Taking a 9-week-old on a 4.5-hour plane ride to Denver is not what I dreamed about when I looked forward to motherhood, but neither was spending three work-weeks in a row at home while my husband traveled for business. So Jelsa and I packed our bags.
The trip began as smoothly as a bike hitting a curb – in this case it was the Southwest curb as we attempted to check our bags at the Southwest curbside check-in. “Do you have her birth certificate?” the man said while pointing to the unidentified newborn in the stroller beside me. “No,” was my articulate reply. “But she is 9 weeks old and my daughter and here – look at the scar from my c-section…” Ok, I didn’t really offer to expose my still slightly chubby belly, but I think I convinced him Jelsa was mine. He wrote up a “non-ticketed lap child” “ticket” (huh?) and we were off.
Feeling confident after crossing that milestone, we headed to the security check line and made nice with the folks behind us. “What’s her name?” A simple question but one that usually involves me spelling j-e-l-s-a because people just don’t seem to get it – and then that usually leads to me telling them that the name is from a town in Croatia. “Oh – is she adopted?” this woman concluded. Hadn’t gotten that before. “No” was my articulate reply – and then I proceeded to point to my belly and explain how she was removed from this slightly chubby thing. Probably not necessary, but I was in the mood to prove this child’s bloodline.
For those who have ventured airborne with a newborn alone, you know the security gate is the best part of the whole trip. It is at this very special gate that you get to abandon all sense of peace and order and begin throwing, stripping, grabbing your body and belongings every which way. Managing to put everything but my daughter on the belt, I walked up to the TSA man ushering me thru the frame. “We have a problem here,” he said while holding my boarding pass. I looked up at him – in my bare feet and holding my spit-up covered daughter – and just asked why. “Is she a Packers fan?” was his reply. Dude, not in the mood for humor. Jelsa was wearing her “Little Packer fan” bib – not because she is a fan, but because it is the most absorbent bib we own. I said “Go Ravens” and he waved me on.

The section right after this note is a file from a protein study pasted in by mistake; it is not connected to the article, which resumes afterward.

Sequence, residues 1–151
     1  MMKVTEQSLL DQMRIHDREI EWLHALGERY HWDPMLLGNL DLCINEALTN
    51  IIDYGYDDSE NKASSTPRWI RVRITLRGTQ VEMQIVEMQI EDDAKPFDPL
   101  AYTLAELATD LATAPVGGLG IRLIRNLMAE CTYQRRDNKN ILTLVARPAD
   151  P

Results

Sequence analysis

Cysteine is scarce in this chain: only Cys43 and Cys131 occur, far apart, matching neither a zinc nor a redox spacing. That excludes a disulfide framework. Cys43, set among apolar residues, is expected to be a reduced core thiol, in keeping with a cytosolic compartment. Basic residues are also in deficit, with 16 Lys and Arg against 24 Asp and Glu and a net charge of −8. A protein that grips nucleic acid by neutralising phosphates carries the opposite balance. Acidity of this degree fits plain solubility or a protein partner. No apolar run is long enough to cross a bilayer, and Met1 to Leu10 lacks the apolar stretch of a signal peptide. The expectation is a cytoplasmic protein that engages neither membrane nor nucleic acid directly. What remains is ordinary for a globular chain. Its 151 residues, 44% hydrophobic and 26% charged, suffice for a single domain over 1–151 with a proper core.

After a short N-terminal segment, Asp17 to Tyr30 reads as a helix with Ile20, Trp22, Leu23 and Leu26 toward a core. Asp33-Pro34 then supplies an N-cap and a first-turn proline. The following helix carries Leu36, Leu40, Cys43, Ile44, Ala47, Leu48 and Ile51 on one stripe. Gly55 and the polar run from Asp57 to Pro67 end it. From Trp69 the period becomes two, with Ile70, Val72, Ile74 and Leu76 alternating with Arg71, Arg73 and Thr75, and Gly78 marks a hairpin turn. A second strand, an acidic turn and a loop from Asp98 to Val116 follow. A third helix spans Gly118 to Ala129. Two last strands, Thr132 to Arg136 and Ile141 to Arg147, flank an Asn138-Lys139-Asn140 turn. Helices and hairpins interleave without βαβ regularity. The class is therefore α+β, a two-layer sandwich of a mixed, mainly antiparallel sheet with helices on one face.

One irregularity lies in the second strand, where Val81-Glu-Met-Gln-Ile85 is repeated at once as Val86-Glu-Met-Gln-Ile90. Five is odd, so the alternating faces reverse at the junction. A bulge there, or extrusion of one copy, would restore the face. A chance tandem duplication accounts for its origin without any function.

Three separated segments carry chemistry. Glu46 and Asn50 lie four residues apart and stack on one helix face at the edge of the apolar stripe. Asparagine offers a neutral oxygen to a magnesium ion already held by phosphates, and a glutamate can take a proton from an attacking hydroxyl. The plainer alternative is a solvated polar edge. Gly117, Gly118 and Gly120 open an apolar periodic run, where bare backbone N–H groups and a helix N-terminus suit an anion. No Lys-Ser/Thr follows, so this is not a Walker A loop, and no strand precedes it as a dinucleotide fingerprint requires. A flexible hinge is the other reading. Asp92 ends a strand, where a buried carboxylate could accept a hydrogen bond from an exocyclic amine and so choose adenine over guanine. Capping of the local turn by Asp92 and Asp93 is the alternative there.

We had a solid 20 minutes to nurse and regroup at the gate. Then we lined up to the board the plane – and another hiccup. The agent asked for my nonticketed lapchild TICKET and I couldn’t find it in my bags. I handed Jelsa to another agent nearby and tore my bag apart. I managed to reach my seat about 10 minutes later – an agent following behind with magazines and my purse from my bag. It was a mess.
Despite the fact Jelsa slept less than 30 minutes of the 4.5 hour-flight, we managed just fine. An empty middle seat, no diaper explosions, spit-up contained to my person – what more could I have hoped for? And to top it all off – a older man two rows back thought it worth his while to take pictures of Jelsa the entire ride. He must have taken close to 20 – all without me knowing. I saw a flash once in a while, but I was focused on the baby. He gave me his business card and an email exchange later in the week brought the pictures to my laptop. Weird, but a nice twist to the story.
If there was any question about making the trip, all doubt was erased when I saw my parents waiting just behind the “do not enter” sign as I stepped off the elevator in the Denver airport. I walked up and Dad proceeded to get on all fours to greet his new granddaughter.